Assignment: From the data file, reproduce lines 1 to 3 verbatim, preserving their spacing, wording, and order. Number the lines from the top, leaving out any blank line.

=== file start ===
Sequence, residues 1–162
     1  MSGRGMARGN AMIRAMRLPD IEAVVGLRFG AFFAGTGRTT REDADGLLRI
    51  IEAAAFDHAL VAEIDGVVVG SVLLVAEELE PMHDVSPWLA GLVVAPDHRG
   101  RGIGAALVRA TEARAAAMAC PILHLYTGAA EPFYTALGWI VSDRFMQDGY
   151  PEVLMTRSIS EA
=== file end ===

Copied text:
Sequence, residues 1–162
     1  MSGRGMARGN AMIRAMRLPD IEAVVGLRFG AFFAGTGRTT REDADGLLRI
    51  IEAAAFDHAL VAEIDGVVVG SVLLVAEELE PMHDVSPWLA GLVVAPDHRG